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Dan Woog

2/5/15

A high school soccer coach for 40 years, Dan Woog recorded his experiences in notes.  Using those notes as his source material, Dan wrote his most recent book entitled “We Kick Balls”.  While ostensively a book about soccer, the book is really about kids growing up.  Dan noted that although the book was well received by a number of publishers, they either thought it commanded too small an audience, or was too close in time to a soccer book written by Mia Hamm to publish.  Consequently, Dan published the book himself noting that one advantage that gave him was full artistic control over its content, title and cover illustration.

The book recalls stories that illustrate some aspect of the growing up process.  Many of these stories came about in the various travels that Dan’s soccer teams participated in.  He recalled the time when the team was in Germany for a tournament and took a side trip to Austria.  As part of that experience they exchanged their German Marks for Austrian Schillings.  Due to the exchange rate, one team member expressed delight that he had received 10,000 schillings for 100 marks.  He felt his wealth had multiplied.  Dan tried to explain to him that it was merely a function of the exchange rate, but he would have none of it.  Subsequently, he felt cheated when, on the return trip, he received a lessor number of marks for his shillings.

Dan emphasized that his style is to leave kids alone to solve encountered problems themselves to the greatest extent possible.  While on a trip to Denmark, the team had a central gathering point and a curfew.  One young man on an excursion with some friends missed a trolley that would take him back to the gathering point within the permitted time.  The boy knew no Danish so asking directions or reading signs was not possible, He solved his problem by running back in time to beat a curfew. He accomplished this  by figuring out that he had to follow the trolley tracks.  Through other problem solving experiences, Dan feels that the team members realize that they need smart players and not just the best athletes.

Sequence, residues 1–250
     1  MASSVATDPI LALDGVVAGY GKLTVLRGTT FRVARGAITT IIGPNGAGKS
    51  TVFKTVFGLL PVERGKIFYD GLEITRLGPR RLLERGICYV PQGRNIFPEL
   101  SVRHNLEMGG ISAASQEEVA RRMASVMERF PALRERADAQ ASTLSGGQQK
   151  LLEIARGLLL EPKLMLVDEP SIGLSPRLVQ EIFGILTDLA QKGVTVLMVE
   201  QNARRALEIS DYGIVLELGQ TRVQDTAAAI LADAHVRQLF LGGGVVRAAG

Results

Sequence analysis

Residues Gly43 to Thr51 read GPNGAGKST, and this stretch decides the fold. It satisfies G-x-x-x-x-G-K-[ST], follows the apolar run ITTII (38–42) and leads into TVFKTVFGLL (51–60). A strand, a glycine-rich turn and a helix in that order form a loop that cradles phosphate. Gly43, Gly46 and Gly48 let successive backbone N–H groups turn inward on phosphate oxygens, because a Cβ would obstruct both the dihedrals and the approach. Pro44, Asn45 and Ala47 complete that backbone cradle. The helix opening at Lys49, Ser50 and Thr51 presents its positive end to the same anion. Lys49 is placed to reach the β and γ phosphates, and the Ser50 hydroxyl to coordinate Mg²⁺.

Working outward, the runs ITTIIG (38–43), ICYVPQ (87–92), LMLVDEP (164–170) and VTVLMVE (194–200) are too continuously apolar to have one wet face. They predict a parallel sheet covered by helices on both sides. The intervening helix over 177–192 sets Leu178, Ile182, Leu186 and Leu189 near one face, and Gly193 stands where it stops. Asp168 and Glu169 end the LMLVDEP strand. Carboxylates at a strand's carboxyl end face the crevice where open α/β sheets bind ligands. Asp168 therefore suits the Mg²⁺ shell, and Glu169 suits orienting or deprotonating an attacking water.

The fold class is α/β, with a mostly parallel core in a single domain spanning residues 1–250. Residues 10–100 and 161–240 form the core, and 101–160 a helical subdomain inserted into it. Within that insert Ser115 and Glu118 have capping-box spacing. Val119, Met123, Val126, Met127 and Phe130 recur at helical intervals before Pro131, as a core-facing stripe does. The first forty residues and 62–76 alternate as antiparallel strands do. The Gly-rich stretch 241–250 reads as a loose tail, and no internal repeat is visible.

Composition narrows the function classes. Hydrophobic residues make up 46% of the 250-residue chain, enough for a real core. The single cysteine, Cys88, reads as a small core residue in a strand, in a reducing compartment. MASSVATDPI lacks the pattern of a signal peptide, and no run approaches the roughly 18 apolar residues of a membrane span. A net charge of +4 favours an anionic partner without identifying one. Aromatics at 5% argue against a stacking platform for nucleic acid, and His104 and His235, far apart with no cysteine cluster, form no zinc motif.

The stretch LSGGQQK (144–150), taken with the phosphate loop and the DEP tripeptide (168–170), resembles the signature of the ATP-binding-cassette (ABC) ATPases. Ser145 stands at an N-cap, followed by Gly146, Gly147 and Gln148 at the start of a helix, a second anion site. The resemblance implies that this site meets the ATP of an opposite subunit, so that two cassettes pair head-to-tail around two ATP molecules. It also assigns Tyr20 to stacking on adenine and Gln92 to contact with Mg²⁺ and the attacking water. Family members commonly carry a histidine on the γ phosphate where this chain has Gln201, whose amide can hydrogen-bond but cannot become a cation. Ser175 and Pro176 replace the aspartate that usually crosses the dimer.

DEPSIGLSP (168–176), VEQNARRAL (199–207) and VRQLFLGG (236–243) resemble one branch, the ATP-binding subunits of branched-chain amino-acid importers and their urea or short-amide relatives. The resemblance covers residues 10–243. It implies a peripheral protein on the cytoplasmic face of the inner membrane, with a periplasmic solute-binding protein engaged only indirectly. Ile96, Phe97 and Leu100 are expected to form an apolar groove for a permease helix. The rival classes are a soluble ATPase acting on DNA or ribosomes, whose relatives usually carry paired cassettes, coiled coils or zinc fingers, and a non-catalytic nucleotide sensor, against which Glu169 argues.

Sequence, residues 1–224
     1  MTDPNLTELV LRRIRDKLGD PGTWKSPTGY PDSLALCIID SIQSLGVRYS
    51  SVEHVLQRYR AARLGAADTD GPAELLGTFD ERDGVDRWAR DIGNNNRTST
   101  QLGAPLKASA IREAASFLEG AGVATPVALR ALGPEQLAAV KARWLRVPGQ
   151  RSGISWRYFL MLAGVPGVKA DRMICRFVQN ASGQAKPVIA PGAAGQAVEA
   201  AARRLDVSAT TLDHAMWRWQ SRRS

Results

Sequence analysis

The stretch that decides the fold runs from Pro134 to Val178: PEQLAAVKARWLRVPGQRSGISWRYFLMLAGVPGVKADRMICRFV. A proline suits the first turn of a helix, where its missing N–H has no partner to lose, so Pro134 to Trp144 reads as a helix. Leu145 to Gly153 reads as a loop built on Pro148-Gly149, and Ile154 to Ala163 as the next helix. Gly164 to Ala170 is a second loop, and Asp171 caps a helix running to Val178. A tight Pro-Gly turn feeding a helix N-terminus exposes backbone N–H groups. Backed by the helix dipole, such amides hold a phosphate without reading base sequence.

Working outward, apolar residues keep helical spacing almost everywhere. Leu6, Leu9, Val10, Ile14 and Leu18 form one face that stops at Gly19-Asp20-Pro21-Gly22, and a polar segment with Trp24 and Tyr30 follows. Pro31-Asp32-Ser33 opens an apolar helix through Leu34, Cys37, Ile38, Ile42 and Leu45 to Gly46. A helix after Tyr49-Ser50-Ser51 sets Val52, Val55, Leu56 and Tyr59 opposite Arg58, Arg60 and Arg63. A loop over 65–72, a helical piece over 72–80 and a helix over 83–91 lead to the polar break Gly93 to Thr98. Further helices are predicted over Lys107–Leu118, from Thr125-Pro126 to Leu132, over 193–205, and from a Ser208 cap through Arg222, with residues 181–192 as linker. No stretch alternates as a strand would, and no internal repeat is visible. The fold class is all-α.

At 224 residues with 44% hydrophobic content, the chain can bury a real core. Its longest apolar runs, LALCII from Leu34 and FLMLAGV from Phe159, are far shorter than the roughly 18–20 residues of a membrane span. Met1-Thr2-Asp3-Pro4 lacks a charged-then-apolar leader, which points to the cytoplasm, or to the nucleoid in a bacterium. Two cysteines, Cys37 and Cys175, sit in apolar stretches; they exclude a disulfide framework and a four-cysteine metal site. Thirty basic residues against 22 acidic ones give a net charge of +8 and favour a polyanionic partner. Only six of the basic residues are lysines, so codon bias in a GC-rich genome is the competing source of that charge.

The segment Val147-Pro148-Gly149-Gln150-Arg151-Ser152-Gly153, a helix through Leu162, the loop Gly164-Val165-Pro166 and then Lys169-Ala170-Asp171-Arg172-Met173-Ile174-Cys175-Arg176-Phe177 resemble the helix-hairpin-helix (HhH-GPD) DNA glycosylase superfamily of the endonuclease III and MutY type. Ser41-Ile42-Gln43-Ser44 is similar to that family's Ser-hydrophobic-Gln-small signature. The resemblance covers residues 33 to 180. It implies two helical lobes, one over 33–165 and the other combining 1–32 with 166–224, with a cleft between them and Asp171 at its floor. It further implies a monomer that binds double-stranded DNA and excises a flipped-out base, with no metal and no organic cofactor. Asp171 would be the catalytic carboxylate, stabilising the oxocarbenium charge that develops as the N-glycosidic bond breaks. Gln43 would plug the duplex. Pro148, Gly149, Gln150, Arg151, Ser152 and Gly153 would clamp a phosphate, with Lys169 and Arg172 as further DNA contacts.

Dan’s stories of growing up included tragic situations as well as happier ones.  He recalled a year in which a team member committed suicide, but noted that his teammates later played soccer at the cemetery where he is buried as a way of remembering.  The boy’s former teammates also leave offerings at his grave site to this day although his death was more than 25 years ago. There also was a year in which 3 to 4 fathers of teammates died.  The year ended with that team losing the state final.  The boys were sobbing but walked from one end of the field to the other with their arms around each other in mutual support. 

Dan noted that soccer is not a coach’s game.  There are no diagramed plays, or plays sent in from the sidelines.  The players control the game.  It helps them learn to depend and trust one another and give support when and where needed.  It helps, like most high school sports, to build camaraderie; a camaraderie that extended to Dan when he came out as a gay man and received the support of his players and through them their parents.

Q&A

Q.  Should heading be removed from soccer in light of the concussion risks?

A.  Heading is part of the game, which would be very different without it.  But concussions are a problem and I don’t know what will ultimately happen.

Q.  How many lives have you touched with soccer and how many went on to more sporting activities after high school?

A.  I don’t have numbers, but Westport kids usually go on to productive lives.  We encourage multi-sports activities, but mostly I want kids to follow their passions and to learn a love of the game.

Q.  What is the future of soccer in the U.S.?

A.  The future is good and in many ways it is now.  There are a lot of people playing soccer.  There is a lot of support for the U.S. team and many people are now knowledgeable about soccer.

Q.  Have you noticed a difference between generations?

A.  I wouldn’t want to be a kid now.  They are under tremendous pressure.  But, for the most part, they navigate it well.  They are more open and less cynical.  Their written communication skills have lapsed a bit, but the future is good.

Q.  Why do sports announcers have to constantly talk?

A.  It’s the American way.